Kosmoceratops is a dinosaur that was discovered in Utah in the United States. In 2010, it was named by Alan L. Titus, Catherine A. Forster, Mark A. Loewen, Andrew A. Farke, Scott D. Sampson, Joshua A. Smith, and Eric M. Roberts. Its name means “ornate horned face” – so named because of all of the horns it contained on its head and face.
Here are some fascinating Kosmoceratops: This dinosaur was 15 feet long, had a 6-foot long skull with 15 different horns jutting out of it, and weighed around 4,000 pounds. All of the features together would have been an impressive sight to see. Its multi-horned head – which was almost as long as its total length just by itself – was probably not to fight off predators, however. No, it was probably used to impress the female of the species for mating purposes. At least, that is what paleontologists have theorized.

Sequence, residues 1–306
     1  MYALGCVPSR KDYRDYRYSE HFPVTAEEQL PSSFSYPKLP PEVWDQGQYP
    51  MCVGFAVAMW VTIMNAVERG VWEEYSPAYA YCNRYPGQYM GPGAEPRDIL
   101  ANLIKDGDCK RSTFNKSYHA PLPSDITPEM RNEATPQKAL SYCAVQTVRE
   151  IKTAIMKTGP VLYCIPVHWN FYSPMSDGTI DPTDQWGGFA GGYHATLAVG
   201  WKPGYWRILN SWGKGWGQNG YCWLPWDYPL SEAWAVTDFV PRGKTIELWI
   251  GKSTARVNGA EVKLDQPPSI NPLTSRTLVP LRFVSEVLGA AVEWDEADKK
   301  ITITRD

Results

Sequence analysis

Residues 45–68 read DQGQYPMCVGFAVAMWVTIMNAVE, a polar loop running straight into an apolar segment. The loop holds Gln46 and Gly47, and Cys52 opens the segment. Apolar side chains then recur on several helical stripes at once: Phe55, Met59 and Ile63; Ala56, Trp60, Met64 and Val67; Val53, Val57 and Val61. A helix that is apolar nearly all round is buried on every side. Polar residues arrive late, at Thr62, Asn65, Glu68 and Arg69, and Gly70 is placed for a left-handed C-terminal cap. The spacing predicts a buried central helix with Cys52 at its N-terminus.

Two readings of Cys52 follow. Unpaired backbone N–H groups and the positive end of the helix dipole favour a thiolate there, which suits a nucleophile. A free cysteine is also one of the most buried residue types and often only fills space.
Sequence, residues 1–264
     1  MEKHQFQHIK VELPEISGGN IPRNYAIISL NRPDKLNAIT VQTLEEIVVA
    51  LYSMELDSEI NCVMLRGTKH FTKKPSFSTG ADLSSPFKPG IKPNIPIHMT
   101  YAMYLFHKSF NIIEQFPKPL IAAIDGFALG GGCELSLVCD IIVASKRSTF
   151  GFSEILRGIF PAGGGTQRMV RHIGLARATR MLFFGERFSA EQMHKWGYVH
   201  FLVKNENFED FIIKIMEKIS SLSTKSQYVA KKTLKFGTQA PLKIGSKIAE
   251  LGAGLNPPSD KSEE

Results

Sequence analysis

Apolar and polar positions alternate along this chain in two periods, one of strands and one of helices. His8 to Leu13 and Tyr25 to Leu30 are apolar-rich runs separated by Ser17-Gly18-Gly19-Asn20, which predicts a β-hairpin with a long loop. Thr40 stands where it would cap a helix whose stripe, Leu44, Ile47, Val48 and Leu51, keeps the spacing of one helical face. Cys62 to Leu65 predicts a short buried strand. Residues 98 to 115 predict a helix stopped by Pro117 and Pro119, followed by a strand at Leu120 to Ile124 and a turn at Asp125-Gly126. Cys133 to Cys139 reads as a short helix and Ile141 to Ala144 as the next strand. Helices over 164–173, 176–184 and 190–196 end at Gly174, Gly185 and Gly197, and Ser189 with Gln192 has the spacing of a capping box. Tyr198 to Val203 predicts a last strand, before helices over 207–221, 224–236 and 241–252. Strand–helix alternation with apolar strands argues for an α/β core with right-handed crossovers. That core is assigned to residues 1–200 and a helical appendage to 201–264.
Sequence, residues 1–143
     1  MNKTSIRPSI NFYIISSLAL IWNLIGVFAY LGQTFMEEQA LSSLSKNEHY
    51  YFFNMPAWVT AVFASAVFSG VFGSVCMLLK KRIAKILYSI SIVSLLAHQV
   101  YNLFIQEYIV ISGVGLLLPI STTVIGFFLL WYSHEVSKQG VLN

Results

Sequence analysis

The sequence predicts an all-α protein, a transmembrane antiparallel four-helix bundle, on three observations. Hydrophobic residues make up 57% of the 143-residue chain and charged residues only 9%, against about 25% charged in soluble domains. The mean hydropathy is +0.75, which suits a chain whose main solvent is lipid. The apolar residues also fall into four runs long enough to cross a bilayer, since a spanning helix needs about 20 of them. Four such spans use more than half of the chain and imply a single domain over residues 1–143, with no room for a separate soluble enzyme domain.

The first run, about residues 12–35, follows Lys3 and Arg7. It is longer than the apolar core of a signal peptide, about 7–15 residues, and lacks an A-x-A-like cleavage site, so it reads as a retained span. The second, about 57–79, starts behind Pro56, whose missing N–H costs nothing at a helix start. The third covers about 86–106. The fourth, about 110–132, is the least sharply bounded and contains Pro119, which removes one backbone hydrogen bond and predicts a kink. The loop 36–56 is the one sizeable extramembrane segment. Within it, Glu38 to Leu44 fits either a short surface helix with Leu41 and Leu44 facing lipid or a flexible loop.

Just looking at Kosmoceratops pictures will show you just how strange these dinosaurs looked. Which is probably due to the environment it evolved in. At that time, Utah was part of a large island in Western North America called Laramidia that was separated from the rest of the land mass by a shallow interior sea. This would have isolated it from other dinosaurs and would have allowed its evolutionary saga to unfold on its own. Eventually, the shallow sea that separated that island from the rest of the land mass shrunk and Laramidia became a part of North America.
Kosmoceratops was an herbivore that lived off of the vegetation of the late Cretaceous period – about 75-65 million years ago. Some of the vegetation it may have lived off of may have included: horsetails, conifers, seed ferns, Betulaceae, Moraceae and Palmae.